- Know who to call if you feel sick with COVID symptoms.
Write down who to call if you start to experience COVID-19 symptoms (this includes fever, cough, sore throat, shortness of breath). Have your doctor or carer’s number handy. Other options are the National Coronavirus Helpline (1800 020 080), or the DSS Disability Information Helpline (1800 643 787).
- Crete a new routine.
It’s easy to feel out of control during times like these. Developing a routine can help you feel grounded, especially if you are spending large amounts of time at home. Set aside a regular time to get dressed for the day, have a shower, eat proper meals, go outside, talk to a friend, exercise and do a hobby you enjoy.
- Eat fresh and healthy food.
Make sure you are eating healthy meals on a regular basis, as nutritious food will help fuel your body and nourish your mind. As a general guide, eat plenty of vegetables of different types and colours, fruit, grain foods, meats or meat alternatives and dairy products like milk, yoghurt and cheese. And don’t forget to drink water regularly!
- Get your groceries delivered to your front door.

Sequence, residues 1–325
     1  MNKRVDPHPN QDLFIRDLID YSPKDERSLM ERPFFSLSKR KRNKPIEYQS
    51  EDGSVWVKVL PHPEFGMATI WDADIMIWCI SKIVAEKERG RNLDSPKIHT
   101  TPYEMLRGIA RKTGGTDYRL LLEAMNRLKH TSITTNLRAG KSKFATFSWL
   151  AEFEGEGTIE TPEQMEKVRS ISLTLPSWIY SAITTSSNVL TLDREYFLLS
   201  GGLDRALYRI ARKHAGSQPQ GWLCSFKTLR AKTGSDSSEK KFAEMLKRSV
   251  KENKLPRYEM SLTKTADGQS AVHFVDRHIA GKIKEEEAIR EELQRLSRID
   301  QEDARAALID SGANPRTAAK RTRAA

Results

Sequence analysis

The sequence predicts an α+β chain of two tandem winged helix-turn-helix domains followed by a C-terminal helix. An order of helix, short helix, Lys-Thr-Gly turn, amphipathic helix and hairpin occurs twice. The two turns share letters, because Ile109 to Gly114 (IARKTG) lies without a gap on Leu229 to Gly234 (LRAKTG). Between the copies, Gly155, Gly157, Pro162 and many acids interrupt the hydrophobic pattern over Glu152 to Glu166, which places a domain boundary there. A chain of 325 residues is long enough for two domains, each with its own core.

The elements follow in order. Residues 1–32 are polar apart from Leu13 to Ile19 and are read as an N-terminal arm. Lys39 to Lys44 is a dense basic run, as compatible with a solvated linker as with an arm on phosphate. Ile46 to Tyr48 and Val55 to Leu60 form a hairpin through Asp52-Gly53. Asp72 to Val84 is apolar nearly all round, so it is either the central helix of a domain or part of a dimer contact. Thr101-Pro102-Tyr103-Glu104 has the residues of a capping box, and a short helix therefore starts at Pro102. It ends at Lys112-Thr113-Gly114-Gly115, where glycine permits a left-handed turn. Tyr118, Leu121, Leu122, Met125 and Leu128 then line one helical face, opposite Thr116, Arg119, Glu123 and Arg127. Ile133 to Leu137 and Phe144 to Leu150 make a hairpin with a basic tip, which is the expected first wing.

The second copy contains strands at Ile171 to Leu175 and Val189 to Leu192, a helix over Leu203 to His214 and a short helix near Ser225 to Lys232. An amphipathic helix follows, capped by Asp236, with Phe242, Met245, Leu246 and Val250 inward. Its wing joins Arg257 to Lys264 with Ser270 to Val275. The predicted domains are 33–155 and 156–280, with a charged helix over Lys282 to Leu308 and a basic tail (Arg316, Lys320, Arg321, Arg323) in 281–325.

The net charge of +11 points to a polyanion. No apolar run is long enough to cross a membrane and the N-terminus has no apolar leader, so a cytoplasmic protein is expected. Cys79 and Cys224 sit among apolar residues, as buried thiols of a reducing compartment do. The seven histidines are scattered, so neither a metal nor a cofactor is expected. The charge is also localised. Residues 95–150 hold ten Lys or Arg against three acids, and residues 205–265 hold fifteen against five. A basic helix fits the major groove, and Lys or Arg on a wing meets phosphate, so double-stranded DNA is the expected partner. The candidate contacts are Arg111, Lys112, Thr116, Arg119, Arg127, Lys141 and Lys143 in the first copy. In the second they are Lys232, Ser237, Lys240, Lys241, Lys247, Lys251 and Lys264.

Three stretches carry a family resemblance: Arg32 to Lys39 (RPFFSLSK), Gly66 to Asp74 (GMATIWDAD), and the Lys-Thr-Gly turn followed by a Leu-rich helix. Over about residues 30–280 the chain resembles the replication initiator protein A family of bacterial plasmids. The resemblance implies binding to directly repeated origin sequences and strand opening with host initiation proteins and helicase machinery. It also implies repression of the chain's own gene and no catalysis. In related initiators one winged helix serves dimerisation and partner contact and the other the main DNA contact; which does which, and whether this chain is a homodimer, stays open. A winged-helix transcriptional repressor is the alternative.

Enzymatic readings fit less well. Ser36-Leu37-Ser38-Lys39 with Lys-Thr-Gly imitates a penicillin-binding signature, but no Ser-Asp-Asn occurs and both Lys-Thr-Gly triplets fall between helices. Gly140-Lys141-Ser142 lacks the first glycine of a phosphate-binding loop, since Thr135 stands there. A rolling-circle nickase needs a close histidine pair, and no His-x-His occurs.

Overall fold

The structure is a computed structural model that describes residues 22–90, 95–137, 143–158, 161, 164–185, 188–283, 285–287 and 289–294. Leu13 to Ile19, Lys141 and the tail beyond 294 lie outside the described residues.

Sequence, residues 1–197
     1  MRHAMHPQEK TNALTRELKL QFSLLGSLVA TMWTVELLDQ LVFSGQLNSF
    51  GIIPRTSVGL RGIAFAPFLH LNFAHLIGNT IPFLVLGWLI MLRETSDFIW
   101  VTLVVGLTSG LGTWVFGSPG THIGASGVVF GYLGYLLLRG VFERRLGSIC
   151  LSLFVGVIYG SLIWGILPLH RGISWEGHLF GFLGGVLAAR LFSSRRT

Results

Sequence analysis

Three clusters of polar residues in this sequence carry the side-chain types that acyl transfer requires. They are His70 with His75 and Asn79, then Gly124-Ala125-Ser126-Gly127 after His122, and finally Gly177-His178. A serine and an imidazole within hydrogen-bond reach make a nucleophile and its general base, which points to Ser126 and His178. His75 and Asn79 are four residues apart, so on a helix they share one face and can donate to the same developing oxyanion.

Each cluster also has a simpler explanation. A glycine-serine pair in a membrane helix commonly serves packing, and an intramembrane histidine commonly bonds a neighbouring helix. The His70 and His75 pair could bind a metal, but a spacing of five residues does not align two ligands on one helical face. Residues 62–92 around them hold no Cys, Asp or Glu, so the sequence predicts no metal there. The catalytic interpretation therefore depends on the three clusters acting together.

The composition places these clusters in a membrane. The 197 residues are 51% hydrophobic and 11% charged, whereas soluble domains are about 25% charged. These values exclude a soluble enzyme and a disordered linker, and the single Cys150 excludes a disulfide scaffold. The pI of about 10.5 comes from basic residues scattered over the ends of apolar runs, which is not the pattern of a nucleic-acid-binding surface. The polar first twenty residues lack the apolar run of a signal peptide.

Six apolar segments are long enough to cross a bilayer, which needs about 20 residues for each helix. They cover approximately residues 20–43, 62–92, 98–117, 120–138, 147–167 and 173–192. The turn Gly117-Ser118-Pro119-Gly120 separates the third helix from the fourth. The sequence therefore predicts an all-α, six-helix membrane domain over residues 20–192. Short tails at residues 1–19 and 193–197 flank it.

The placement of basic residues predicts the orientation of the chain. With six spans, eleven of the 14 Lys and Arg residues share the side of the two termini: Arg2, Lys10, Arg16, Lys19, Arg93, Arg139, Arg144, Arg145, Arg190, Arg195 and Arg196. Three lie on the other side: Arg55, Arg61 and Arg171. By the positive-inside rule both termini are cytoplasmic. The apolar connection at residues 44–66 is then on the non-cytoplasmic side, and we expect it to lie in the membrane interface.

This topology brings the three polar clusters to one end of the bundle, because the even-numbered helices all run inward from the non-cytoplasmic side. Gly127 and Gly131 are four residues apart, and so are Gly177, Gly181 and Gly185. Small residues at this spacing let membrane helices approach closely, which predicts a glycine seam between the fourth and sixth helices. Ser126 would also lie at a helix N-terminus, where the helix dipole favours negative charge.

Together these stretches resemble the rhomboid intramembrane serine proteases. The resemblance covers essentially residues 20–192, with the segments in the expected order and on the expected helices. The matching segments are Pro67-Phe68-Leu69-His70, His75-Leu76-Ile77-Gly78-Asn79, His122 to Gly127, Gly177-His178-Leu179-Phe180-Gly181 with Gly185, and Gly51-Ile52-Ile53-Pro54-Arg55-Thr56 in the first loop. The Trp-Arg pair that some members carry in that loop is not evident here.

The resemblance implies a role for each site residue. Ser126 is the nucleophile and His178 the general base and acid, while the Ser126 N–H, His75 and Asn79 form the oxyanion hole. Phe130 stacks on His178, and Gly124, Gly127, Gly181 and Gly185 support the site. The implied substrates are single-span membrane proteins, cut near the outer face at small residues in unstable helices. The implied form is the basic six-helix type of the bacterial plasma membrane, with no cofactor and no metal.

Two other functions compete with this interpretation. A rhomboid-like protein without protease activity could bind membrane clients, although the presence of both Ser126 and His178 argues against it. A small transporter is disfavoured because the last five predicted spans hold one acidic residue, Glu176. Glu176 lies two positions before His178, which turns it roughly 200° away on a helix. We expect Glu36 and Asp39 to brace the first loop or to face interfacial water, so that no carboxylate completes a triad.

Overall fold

If you are unable to go to the shops, get your groceries delivered so you can eat well while staying safe. NDIS participants receive priority home delivery during the pandemic from the country’s major supermarkets. Chat to your support worker to discuss what options are available to you.
- Stay positive
Research shows that gratitude is strongly associated with positive emotions and better mental health. Each day, think of a few things you can be thankful for. Instead of imaging worst-case scenarios, keep things in perspective by remembering that this situation is temporary and will pass.
- Try meditation
If you find it hard to keep anxious thoughts at bay, relaxation techniques such as breathing, muscle relaxing and visualisation exercises can help. Beyondblue has some on their website which you can try at home.
- Plan how you will manage the pandemic
If you haven’t done so already, spend some time making a plan for how you will care for your health and manage the impact of the pandemic. Here is a guide from the Department of Health you can use. Ask your case manager and support workers for input – after all, we are here to help.